My route was down to Cincinnati, staying with friends that night then west through Indiana into central Illinois, spending the night then up to Wisconsin. I purposely hunted down every back road, non-interstate, hopefully no truck traffic, twisty road I could find. If it went in the generally correct direction go for it. State road, well OK. County road, even better.

 

What I learned is that my Beemer (it is a factory cafe racer from the 70s era) is ultra sensitive to my inputs at slower speeds. Through these years I have gripped this bike with an iron fist. You will not get away from me. I rule you! Well...

 

Touch you a little here. Oh, you like that. How about a little touch here... You kind of get a picture of where my head was at while riding home.

 

Steering effort seems to be about the same as the Kawi's at mid speeds forty to sixty mph. Going eighty, flicking effort is about the same as the Kawasaki at around 14,000 rpm/fourth gear on the back straight turning the dog leg.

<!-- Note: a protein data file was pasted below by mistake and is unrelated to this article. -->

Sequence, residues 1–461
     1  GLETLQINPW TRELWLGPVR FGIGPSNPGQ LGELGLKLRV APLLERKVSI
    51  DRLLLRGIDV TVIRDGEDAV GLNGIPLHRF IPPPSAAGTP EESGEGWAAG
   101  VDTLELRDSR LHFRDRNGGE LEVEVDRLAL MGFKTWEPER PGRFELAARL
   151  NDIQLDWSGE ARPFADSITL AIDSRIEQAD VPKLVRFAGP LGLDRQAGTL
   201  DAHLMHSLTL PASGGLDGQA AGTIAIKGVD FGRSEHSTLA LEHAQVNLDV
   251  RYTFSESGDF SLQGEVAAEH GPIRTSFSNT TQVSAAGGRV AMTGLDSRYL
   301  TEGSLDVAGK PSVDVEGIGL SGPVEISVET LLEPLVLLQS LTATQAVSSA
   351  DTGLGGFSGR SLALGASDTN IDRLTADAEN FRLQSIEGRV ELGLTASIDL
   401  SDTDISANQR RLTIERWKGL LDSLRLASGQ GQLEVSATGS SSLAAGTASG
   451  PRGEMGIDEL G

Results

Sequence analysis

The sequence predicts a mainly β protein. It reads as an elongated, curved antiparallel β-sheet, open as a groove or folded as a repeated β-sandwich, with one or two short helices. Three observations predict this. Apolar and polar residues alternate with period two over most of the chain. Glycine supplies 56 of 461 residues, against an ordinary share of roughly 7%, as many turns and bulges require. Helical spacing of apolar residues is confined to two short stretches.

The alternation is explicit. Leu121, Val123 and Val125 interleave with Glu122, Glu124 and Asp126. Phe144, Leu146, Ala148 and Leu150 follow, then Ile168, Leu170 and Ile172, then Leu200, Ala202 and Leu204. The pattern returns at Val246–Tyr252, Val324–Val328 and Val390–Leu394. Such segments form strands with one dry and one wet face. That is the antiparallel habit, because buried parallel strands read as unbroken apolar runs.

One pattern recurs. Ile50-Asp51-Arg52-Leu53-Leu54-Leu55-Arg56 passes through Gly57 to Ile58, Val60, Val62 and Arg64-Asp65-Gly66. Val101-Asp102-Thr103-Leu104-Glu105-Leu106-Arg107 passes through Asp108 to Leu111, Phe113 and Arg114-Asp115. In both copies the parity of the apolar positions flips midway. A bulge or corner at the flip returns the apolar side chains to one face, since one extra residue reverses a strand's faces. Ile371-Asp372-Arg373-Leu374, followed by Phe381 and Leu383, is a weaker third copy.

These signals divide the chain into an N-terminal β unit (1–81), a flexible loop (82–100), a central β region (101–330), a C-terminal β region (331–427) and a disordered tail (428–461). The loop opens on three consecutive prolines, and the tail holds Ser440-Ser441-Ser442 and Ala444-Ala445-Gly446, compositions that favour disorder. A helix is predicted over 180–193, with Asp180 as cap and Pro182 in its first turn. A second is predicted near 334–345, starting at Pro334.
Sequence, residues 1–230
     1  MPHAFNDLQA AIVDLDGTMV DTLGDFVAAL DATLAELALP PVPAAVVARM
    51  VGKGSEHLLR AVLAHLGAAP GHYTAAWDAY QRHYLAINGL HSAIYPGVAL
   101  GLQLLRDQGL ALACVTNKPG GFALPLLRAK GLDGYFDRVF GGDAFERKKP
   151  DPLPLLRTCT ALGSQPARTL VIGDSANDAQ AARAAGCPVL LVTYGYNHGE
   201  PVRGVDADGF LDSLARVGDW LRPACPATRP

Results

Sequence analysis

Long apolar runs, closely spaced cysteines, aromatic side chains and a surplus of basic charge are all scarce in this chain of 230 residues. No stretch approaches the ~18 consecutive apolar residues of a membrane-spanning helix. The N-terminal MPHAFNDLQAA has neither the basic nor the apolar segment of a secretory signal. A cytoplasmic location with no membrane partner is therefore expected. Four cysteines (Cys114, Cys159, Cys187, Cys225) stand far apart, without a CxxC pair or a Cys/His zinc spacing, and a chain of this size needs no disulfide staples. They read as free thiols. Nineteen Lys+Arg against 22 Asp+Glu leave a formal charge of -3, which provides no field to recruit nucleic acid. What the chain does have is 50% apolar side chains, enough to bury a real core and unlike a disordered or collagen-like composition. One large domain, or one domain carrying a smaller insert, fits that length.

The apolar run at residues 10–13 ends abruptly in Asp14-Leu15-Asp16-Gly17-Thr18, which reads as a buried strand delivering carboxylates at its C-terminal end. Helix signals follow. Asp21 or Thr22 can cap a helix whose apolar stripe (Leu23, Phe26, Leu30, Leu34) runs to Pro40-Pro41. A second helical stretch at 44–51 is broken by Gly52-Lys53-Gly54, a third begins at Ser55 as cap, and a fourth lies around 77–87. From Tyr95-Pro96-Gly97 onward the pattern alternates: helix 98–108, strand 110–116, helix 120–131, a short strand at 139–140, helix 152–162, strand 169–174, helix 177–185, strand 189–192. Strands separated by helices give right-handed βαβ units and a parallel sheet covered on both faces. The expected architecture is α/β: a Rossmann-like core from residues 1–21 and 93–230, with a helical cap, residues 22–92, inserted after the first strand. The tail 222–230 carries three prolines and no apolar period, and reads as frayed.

I discoverd that my main steering habit was to lock my arms (bent) then twist my upper body to control the turn. (Kind of sounds like turn eight in series six on Thursday, huh?)

 

What a difference two days at CCS makes.

 

For the record I almost drove rather than ride the bike. With the break in the hot weather I decided to take the week and ride through five states. This was a great choice because I got a great before CSS/after CSS contrast. And three days of joyful skills practice on the way home really jelled new actions into place. Riding to work this morning continued the process.

 

So, street riders, from my experience I would recommend you take a couple of days riding immediately after your sessions. I think it will add more value to the track work.

 

Thanks again everyone for getting me off on such a good start.

 

Andy